“The law I learned at Caius is woven through my life, and while I don't know if I ever imagined then being where I am now, I can look back along the line of my life and see the tracks.”
Clare Algar (1993 Law), Global Operations Director at Amnesty International
I came to Caius in 1993, which means that the College had been admitting women for a grand total of fourteen years. My older sister and I were the first generation of women in our family to receive university degrees. It is, in retrospect, a ridiculous distinction, and one I hardly considered at the time. Think about it: am I seriously saying that in my mother's generation it just wasn't the thing for women to do? Yes. Yes, I am.
I left Caius and went to work in New Orleans for the Louisiana Crisis Assistance Center. For a year, I visited death row inmates, interviewed witnesses, and listened to Nick Cave and the Bad Seeds. I came back to London and worked as a corporate lawyer until Bill Kristol's infuriating televised contributions at the beginning of the war on terror drove me to become executive director of Reprieve, the legal action charity which secured the release of more inmates from Guantánamo Bay than any other single organisation, and more recently has shut down the death penalty in several US states.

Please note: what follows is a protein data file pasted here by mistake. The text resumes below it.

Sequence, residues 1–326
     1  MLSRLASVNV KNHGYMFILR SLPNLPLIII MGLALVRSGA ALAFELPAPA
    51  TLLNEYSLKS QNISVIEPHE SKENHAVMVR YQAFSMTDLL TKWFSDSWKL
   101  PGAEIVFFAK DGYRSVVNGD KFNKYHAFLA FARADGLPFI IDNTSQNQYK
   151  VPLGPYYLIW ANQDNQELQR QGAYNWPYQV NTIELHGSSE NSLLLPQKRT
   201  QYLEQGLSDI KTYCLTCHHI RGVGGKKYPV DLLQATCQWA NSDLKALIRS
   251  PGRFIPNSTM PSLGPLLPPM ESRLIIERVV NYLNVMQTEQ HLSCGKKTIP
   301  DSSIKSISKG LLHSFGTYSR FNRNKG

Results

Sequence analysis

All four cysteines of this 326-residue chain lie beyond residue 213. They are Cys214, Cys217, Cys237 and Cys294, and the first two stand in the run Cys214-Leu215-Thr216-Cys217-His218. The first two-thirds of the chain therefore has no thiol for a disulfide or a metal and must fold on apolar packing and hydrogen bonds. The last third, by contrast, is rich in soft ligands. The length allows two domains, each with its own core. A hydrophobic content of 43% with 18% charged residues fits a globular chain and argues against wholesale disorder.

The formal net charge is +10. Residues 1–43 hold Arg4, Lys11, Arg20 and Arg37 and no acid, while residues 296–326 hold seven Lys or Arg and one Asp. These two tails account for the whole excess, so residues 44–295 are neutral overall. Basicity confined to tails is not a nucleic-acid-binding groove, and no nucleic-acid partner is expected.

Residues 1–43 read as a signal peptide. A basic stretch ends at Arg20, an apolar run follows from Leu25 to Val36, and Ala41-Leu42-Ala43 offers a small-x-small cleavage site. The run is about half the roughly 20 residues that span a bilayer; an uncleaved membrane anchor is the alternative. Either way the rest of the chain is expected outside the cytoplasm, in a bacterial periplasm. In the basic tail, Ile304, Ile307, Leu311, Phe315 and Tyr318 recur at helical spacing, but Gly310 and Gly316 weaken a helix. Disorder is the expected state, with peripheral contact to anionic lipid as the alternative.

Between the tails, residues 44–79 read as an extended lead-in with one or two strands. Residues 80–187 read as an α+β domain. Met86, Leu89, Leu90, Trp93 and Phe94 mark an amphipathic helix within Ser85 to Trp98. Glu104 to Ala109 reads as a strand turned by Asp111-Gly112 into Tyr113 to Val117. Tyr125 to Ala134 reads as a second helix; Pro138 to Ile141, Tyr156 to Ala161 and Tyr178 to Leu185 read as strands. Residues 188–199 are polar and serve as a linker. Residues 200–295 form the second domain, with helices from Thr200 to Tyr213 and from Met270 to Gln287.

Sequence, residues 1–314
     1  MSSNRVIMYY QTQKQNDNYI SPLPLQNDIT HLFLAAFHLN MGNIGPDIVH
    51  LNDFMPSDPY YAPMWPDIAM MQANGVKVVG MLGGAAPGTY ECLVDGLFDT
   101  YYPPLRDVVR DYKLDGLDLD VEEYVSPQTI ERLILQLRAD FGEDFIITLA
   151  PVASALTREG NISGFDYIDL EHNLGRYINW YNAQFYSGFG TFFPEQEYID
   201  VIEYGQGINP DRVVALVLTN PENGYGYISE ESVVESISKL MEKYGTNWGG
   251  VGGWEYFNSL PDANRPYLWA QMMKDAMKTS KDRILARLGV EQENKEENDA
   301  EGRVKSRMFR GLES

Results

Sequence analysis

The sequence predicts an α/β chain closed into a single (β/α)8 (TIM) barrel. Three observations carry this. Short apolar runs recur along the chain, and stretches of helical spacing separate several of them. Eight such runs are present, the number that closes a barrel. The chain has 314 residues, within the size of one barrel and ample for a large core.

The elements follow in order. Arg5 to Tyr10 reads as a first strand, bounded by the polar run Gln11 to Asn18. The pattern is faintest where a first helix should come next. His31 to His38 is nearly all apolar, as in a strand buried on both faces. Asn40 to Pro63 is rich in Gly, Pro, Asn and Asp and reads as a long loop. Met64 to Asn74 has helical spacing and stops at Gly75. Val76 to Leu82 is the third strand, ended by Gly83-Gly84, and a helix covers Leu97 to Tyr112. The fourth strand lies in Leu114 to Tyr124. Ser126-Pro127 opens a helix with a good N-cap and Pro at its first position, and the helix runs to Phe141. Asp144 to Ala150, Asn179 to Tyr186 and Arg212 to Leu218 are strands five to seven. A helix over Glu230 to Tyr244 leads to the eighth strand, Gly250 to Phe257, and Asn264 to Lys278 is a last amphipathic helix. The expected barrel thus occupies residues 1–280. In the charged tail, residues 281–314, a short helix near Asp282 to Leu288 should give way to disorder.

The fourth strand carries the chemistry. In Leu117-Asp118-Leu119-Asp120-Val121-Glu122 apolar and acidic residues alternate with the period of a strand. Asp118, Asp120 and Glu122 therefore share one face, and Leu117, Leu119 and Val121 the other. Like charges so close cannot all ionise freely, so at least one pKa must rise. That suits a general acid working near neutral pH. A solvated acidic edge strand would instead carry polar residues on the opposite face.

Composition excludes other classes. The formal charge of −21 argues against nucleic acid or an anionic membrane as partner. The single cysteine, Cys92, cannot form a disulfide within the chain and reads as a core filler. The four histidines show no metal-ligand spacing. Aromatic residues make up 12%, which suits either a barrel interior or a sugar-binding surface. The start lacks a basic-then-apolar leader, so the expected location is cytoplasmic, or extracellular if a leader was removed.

I left to work with disadvantaged kids in London, and went from there to Amnesty, where I'm Global Operations Director (they gave me the job before spotting the acronym and now I won't let them change it). I recently gave evidence in the Dutch parliament about the rule of law in Hungary and Poland and also asked the Danish government to change the country’s rape law. The law I learned at Caius is woven through my life, and while I don't know if I ever imagined then being where I am now, I can look back along the line of my life and see the tracks.